gomberg

Getting our kids and grandkids safely back into school has got to be priority one.

As parents, students, and educators anxiously return to in-person learning this week, it’s important to keep in mind where we were this time last year. While the ramifications of COVID-19 devastated communities, shuttered businesses, and left so many of us uncertain about the future, our kids were forced into a remote learning environment built on compromises for the sake of public health.

This March, Governor Brown announced a return to in-person learning for the 2021-2022 school year. Let’s keep it that way.

The decision to shift to remote learning last year was a choice no one wanted to make. Clearly, the best place for our kids’ social and educational development is in the classroom. Nonetheless, circumstances led us to a school year in which everyone struggled -- our educators, our parents, and certainly our children.

 Educators scrambled to figure out ways they could adapt their curricula to suit the unique landscape of online learning. Working parents, already contending with the challenges of the pandemic and a lack of childcare opportunities were abruptly forced into the position of home-educator. Businesses that could open found they had fewer employees to open with. And children were separated from their schools and deprived of the social experiences and much of the professional support they needed. Needless to say, this was not an ideal situation.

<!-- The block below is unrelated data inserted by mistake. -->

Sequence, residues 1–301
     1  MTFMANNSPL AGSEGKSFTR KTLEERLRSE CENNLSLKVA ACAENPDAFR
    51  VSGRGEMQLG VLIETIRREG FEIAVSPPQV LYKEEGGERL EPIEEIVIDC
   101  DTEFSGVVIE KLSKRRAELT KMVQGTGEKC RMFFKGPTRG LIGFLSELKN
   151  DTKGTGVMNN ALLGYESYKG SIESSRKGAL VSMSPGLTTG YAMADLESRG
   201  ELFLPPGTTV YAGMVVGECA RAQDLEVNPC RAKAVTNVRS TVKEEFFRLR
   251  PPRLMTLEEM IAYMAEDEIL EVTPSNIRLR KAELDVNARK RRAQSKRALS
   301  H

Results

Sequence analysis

With the new school year looming, I fear that if we don’t take action now, we risk compromising another year of our kids’ education.

 Unfortunately, the situation with the Delta variant has been rapidly evolving. Communities are struggling, our hospitals are at capacity, and very sadly, we are seeing too many fatalities. Our children are at lower risk, but are still unvaccinated and vulnerable.

 At present, every corner of our state is contending with ICUs reaching capacity. This means that not only will COVID-19 patients have a hard time getting the emergency treatment they need, but so too will the rest of the population that may require a stay at the ICU for any number of reasons, like a heart attack, stroke, or even an auto or workplace accident. This month, the Oregon National Guard was deployed to hospitals around the state to assist our medical workers dealing with the recent surge.

I get mail expressing frustration that students will be required to wear masks while in indoor classrooms. Masks, while inconvenient, offer an effective layer of protection against the spread of COVID-19 and its highly contagious delta variant. One of our Superintendents told me it is a small price to pay for getting schools open again.

Keeping our kids healthy should certainly be our first concern, but we can’t forget how important in-person learning truly is. Until we have a vaccine for children under 12, it’s more important than ever that community leaders, educators, and parents step up to keep our kids safe, and to also keep them in the classroom.

It’s imperative that we encourage and maintain social distancing and to promote proper hygiene among our students. It’s imperative that we encourage proper mask usage and promote a robust and engaging learning environment. But most importantly, it’s imperative that we do everything we can to prevent needless community spread of COVID-19 so we can keep our schools open and accessible to the students and parents that rely on them.

Our kids and grandkids deserve our support, our sacrifice, and our kindness. So let’s get vaccinated, mask up, and keep this school year safe, productive, and open.

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